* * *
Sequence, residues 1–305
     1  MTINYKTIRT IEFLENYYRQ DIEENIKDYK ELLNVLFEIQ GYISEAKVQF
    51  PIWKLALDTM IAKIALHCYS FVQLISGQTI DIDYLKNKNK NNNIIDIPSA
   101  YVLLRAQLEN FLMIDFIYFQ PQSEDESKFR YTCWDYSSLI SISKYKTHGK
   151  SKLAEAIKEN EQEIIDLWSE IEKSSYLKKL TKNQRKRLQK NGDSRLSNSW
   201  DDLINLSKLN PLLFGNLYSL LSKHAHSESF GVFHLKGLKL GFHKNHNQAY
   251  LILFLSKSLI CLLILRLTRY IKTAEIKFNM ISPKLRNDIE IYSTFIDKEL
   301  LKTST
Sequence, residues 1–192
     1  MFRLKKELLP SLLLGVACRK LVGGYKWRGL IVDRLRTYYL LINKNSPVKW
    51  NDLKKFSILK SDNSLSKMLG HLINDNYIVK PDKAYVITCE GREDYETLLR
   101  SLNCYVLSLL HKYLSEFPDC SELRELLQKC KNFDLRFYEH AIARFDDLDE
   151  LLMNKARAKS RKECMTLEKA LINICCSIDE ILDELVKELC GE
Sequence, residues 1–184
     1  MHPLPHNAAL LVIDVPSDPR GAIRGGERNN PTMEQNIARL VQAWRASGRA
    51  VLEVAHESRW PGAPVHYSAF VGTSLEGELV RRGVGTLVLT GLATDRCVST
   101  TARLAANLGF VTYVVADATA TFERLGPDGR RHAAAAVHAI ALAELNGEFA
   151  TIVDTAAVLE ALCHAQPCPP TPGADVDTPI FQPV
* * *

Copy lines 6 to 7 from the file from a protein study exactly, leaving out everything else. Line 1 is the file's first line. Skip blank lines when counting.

   201  DDLINLSKLN PLLFGNLYSL LSKHAHSESF GVFHLKGLKL GFHKNHNQAY
   251  LILFLSKSLI CLLILRLTRY IKTAEIKFNM ISPKLRNDIE IYSTFIDKEL